Potential materials for rhinoplasty are abundant. Biological materials have been extensively studied, and include cartilage, fascia, dermis, and combinations thereof. These materials have less infection risk, and are thus preferred by many surgeons, especially for secondary rhinoplasties. Asian noses typically require an augmentation of the dorsum and tip compared to European ethnicities. Softer material, such as fascia and the dermis, might not possess the necessary rigidity. Thus, cartilage is a more appropriate biological alternative. Autologous cartilage is better tolerated and is easy to carve. However, the amount of potential harvest is limited, and unpredictable warping is a major deterrent. Rib cartilage grafts offer enough bulk, but scars at the donor site are often not acceptable. Irradiated cartilage has been used in rhinoplasty, but is not widely available for aesthetic use [9].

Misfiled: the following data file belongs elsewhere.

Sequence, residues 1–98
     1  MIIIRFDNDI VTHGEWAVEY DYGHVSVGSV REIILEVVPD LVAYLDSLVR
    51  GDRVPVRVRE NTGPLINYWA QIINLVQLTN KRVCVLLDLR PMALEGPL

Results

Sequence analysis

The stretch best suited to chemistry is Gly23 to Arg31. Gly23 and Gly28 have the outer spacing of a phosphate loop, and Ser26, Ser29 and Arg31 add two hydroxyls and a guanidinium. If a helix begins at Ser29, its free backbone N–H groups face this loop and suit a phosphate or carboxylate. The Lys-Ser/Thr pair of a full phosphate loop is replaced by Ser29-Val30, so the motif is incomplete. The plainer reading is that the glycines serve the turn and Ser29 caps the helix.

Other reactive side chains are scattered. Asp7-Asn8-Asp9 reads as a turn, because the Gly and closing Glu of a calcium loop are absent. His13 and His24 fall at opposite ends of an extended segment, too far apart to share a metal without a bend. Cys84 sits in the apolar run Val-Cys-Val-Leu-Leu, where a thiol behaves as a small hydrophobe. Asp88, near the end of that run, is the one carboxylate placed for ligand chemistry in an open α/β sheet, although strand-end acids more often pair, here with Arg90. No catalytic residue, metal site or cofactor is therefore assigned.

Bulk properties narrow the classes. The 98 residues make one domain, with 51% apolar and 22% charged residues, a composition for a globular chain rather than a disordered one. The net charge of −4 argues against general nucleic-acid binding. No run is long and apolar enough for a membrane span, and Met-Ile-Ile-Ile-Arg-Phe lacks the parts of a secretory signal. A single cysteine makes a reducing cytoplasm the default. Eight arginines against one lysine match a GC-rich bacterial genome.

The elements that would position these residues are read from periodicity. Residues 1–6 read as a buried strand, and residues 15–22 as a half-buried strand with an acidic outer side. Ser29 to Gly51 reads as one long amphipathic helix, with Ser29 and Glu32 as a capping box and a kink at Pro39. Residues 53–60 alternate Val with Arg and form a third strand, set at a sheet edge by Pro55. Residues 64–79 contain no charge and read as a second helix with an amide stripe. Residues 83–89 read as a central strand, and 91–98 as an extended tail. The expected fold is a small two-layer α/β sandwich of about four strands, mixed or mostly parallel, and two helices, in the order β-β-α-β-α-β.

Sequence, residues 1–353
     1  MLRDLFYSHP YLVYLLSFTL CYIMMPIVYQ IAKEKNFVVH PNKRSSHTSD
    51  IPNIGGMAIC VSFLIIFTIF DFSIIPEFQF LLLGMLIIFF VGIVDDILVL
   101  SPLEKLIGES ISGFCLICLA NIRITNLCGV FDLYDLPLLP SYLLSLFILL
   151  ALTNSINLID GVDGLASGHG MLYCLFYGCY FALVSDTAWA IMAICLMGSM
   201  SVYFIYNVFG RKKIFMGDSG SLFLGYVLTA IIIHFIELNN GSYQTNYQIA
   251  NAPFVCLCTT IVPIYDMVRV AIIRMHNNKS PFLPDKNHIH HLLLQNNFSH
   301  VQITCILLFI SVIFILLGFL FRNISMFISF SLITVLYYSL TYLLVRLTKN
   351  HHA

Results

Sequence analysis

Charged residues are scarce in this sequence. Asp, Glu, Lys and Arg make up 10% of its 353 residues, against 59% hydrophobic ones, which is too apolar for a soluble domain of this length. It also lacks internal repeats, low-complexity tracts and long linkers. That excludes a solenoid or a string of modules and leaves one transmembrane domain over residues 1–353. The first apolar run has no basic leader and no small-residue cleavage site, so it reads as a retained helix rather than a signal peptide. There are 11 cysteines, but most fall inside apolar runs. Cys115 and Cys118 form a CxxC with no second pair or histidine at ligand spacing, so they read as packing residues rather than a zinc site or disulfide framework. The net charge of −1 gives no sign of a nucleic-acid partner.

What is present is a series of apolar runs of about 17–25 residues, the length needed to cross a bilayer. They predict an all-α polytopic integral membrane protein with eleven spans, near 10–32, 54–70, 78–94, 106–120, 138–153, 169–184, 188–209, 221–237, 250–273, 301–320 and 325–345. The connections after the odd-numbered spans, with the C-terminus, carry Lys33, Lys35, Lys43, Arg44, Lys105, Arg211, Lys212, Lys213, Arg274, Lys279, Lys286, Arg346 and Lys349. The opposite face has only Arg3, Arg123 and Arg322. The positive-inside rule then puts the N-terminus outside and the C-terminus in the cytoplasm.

Many artificial materials are commonly used in rhinoplasty. These include silicone, Medpor (Porex Surgical, Newnan, GA, USA), Gore-Tex (W.L. Gore & Associates, Flagstaff, AZ, USA), and AlloDerm (LifeCell Corporation, Branchburg, NJ, USA) [7]. Among these, silicone prostheses are the most popular in Asia, because they are cost-effective, the foreign body reaction is minimal, and they are easy to carve. Nevertheless, potential complications, such as infection, extrusion, contraction, and delayed inflammation, lead to preferences for autologous materials over silicone [10]. The risk of complications after augmentation rhinoplasty with silicone implants has been reported to vary greatly from study to study, from 4% to 24% [[0-9]+,[0-9]+,[0-9]+,12].